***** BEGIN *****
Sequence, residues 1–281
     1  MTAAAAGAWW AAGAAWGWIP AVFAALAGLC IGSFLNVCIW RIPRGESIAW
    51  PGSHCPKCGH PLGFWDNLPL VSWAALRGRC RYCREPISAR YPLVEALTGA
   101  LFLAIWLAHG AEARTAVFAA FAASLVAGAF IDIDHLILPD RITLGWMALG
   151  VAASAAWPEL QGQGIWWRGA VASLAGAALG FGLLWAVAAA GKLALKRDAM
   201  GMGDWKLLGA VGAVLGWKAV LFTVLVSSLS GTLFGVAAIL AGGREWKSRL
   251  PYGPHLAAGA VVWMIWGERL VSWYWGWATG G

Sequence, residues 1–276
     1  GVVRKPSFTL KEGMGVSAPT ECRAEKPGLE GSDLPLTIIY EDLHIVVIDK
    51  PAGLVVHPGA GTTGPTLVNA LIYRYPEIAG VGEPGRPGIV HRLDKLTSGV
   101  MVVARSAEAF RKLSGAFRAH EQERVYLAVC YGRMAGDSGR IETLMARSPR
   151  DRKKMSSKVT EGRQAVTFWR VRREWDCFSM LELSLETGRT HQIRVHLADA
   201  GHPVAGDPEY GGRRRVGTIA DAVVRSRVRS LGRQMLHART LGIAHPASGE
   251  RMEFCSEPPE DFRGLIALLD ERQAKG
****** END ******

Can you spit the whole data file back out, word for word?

Sequence, residues 1–281
     1  MTAAAAGAWW AAGAAWGWIP AVFAALAGLC IGSFLNVCIW RIPRGESIAW
    51  PGSHCPKCGH PLGFWDNLPL VSWAALRGRC RYCREPISAR YPLVEALTGA
   101  LFLAIWLAHG AEARTAVFAA FAASLVAGAF IDIDHLILPD RITLGWMALG
   151  VAASAAWPEL QGQGIWWRGA VASLAGAALG FGLLWAVAAA GKLALKRDAM
   201  GMGDWKLLGA VGAVLGWKAV LFTVLVSSLS GTLFGVAAIL AGGREWKSRL
   251  PYGPHLAAGA VVWMIWGERL VSWYWGWATG G

Sequence, residues 1–276
     1  GVVRKPSFTL KEGMGVSAPT ECRAEKPGLE GSDLPLTIIY EDLHIVVIDK
    51  PAGLVVHPGA GTTGPTLVNA LIYRYPEIAG VGEPGRPGIV HRLDKLTSGV
   101  MVVARSAEAF RKLSGAFRAH EQERVYLAVC YGRMAGDSGR IETLMARSPR
   151  DRKKMSSKVT EGRQAVTFWR VRREWDCFSM LELSLETGRT HQIRVHLADA
   201  GHPVAGDPEY GGRRRVGTIA DAVVRSRVRS LGRQMLHART LGIAHPASGE
   251  RMEFCSEPPE DFRGLIALLD ERQAKG